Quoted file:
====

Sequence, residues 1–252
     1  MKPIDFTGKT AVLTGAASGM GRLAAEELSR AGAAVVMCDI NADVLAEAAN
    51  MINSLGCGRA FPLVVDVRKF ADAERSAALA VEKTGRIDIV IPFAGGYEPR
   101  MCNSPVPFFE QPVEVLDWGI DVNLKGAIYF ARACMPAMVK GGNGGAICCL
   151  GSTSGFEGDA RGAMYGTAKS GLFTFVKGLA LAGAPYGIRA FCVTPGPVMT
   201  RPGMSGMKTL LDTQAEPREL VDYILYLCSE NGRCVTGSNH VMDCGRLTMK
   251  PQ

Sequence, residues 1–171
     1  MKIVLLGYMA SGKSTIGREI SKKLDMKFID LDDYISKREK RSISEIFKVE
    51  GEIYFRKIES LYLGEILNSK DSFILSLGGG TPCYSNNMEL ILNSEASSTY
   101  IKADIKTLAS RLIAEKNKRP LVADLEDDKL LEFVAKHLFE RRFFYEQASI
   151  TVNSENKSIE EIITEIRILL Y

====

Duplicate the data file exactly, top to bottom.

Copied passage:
Sequence, residues 1–252
     1  MKPIDFTGKT AVLTGAASGM GRLAAEELSR AGAAVVMCDI NADVLAEAAN
    51  MINSLGCGRA FPLVVDVRKF ADAERSAALA VEKTGRIDIV IPFAGGYEPR
   101  MCNSPVPFFE QPVEVLDWGI DVNLKGAIYF ARACMPAMVK GGNGGAICCL
   151  GSTSGFEGDA RGAMYGTAKS GLFTFVKGLA LAGAPYGIRA FCVTPGPVMT
   201  RPGMSGMKTL LDTQAEPREL VDYILYLCSE NGRCVTGSNH VMDCGRLTMK
   251  PQ

Sequence, residues 1–171
     1  MKIVLLGYMA SGKSTIGREI SKKLDMKFID LDDYISKREK RSISEIFKVE
    51  GEIYFRKIES LYLGEILNSK DSFILSLGGG TPCYSNNMEL ILNSEASSTY
   101  IKADIKTLAS RLIAEKNKRP LVADLEDDKL LEFVAKHLFE RRFFYEQASI
   151  TVNSENKSIE EIITEIRILL Y